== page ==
Leading With a Plan

Author: Amanda Hatton, Principal, Spurger JH/HS

Have you ever heard the phrase, “Failure to plan is planning to fail”?  This happens to be one of my favorite phrases.  Have you ever woken up and just by happenstance reached a weight loss goal?  Have you ever heard of a battle being won by accident with no battle plan?  Have you ever set off on a trip to a foreign destination with no plan and still arrived?  The answer is almost always a resounding NO!

All of these things take purposeful planning to achieve.  You have to state your goals.  You have to discover what roadblocks may come into play.  You then have to create a plan B in case your plan A doesn’t work.

Running a school is similar to all of this.  You must set goals, make checklists, plan calendars and think about all the obstacles and roadblocks to achieving your goals. When I was first hired at Spurger ISD, I immediately knew what I wanted our school’s mission to be!  We needed our students prepared for a postsecondary life.  See, what I realized quickly is that a rural school’s graduating class has many challenges that most larger districts don’t face.  Our students face challenges of location, isolation and visualization.  The closest school to us is 60 miles away and that counts for trade schools and junior colleges as well.  Many students don’t have means of transportation to get to these larger cities let alone be able to picture themselves living away in a city far from home.  So the question became how can we overcome these obstacles to help them be successful in their postsecondary endeavors.  Well, we had to PLAN!!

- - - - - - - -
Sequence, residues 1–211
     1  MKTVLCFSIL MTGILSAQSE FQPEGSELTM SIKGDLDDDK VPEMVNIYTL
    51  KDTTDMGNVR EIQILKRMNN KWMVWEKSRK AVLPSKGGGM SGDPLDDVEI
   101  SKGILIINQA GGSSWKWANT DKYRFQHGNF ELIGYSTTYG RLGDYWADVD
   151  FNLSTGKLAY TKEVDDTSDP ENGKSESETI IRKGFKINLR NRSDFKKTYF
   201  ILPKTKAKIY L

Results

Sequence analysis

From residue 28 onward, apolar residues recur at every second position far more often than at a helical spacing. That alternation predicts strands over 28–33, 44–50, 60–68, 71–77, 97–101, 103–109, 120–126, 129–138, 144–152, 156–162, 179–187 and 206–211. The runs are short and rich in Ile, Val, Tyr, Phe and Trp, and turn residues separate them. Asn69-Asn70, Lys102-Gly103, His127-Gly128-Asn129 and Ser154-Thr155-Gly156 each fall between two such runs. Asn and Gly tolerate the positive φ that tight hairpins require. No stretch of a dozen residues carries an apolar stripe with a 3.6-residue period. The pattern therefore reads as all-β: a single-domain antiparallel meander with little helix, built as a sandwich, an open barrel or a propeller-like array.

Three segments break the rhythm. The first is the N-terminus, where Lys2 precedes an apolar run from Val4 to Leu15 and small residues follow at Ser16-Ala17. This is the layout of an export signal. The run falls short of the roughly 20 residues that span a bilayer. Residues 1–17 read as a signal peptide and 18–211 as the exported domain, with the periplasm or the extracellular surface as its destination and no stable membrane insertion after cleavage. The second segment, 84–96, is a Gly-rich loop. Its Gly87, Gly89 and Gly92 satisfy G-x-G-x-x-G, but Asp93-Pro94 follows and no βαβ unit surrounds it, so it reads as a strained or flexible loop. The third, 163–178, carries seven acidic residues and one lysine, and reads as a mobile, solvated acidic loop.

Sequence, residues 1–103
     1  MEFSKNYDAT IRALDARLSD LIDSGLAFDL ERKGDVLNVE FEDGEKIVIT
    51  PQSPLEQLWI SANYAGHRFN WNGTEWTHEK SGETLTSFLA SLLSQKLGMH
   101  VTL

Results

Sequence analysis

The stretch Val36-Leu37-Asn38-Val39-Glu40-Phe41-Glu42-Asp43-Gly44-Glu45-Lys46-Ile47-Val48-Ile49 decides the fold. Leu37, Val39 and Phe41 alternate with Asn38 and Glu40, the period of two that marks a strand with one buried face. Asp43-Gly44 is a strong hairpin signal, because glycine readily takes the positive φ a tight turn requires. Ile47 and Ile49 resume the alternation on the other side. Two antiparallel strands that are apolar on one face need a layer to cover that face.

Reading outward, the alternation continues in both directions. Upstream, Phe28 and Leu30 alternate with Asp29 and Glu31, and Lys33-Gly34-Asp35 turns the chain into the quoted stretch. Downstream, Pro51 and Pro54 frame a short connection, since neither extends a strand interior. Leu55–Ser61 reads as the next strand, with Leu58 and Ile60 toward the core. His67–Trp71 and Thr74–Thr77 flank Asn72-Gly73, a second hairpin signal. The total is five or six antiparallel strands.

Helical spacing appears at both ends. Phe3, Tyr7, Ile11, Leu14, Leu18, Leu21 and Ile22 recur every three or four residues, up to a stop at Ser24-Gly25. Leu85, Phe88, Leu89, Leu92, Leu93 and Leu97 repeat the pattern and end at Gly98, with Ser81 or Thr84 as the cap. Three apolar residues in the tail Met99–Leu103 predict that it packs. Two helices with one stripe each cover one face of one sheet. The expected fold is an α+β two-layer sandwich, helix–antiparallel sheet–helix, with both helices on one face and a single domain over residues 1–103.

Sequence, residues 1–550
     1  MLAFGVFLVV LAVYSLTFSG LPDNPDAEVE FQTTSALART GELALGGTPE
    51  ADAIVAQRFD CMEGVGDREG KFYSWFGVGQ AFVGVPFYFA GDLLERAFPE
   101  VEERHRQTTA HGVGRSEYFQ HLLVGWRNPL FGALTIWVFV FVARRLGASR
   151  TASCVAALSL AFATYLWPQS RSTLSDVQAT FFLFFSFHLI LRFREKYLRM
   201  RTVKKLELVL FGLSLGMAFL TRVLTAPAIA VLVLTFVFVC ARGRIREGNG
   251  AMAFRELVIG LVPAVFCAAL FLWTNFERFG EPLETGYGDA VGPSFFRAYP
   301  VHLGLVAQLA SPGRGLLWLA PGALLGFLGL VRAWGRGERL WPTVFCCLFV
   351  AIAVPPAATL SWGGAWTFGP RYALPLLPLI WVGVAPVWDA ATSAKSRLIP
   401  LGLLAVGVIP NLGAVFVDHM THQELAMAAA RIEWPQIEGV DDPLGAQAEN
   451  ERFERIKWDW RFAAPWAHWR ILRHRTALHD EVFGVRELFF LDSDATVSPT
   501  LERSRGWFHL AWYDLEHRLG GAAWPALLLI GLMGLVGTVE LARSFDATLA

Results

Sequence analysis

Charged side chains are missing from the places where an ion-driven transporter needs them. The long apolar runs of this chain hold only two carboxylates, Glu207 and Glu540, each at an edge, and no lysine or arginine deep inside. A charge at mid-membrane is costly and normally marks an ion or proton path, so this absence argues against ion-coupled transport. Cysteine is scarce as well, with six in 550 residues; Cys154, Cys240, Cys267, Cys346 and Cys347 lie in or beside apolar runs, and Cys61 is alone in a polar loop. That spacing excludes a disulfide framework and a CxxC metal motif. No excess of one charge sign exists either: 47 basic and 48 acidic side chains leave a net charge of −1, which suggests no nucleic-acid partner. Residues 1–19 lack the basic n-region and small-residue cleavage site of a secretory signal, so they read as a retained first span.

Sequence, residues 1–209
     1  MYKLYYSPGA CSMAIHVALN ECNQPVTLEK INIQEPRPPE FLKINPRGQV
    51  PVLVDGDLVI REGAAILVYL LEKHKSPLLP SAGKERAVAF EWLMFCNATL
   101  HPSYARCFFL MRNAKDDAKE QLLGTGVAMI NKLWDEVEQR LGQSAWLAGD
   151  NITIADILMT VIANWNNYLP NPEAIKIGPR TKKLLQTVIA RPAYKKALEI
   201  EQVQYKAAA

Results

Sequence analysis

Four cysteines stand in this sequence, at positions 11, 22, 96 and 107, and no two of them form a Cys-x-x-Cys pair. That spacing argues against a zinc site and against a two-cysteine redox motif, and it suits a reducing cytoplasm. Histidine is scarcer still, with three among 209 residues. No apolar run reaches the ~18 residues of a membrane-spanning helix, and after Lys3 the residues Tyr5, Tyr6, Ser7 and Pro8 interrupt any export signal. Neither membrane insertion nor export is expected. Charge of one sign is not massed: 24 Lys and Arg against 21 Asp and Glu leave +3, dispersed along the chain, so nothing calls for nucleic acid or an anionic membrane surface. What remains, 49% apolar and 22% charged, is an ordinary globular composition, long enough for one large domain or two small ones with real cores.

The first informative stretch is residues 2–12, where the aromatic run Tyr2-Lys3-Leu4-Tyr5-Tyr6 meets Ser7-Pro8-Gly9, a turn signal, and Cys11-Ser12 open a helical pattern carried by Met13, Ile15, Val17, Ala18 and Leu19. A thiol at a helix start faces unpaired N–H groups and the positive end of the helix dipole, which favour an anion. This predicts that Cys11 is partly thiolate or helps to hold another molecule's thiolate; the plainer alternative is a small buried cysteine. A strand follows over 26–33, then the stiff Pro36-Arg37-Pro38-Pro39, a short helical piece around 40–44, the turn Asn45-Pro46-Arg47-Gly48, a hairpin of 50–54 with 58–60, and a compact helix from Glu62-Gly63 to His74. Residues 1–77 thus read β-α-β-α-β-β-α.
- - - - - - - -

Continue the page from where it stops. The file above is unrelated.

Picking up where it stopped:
It starts with the goal: Graduate more students who are college, career or military ready.

Next, how do we do that?  What do they need to be successful?

For us, they needed IBC’s, so that they could work while going to school or start there and then continue their education.  They needed to be completers of programs of study.  They needed to get out and see these places and their options….they needed to be able to picture themselves being there.  They needed help in filling out forms, making resumes, understanding financial aid and to be able to know how many entry and exit points there are to get to their choice of career.

Then finally, strategically plan the course ahead to overcome barriers.  This takes calendars and checklists.

We made checklists to make sure we completed each thing we thought would help our students.  We added soft deadlines and hard deadlines to our calendar to make sure we were accountable to our school and students.  We made staffing changes and created new courses that would help our students achieve each of the goals.

See…we made plans…big, big plans.  We put it on paper, we envisioned it, we put it on calendars, we put it on bulletin boards…..and now, we have 100% of our graduating class completed with their FAFSA and have been accepted to a college.  Guys, that is huge, but it wouldn’t have happened without purposeful planning.  So if you want to succeed, don’t fail to plan, but rather….start planning.

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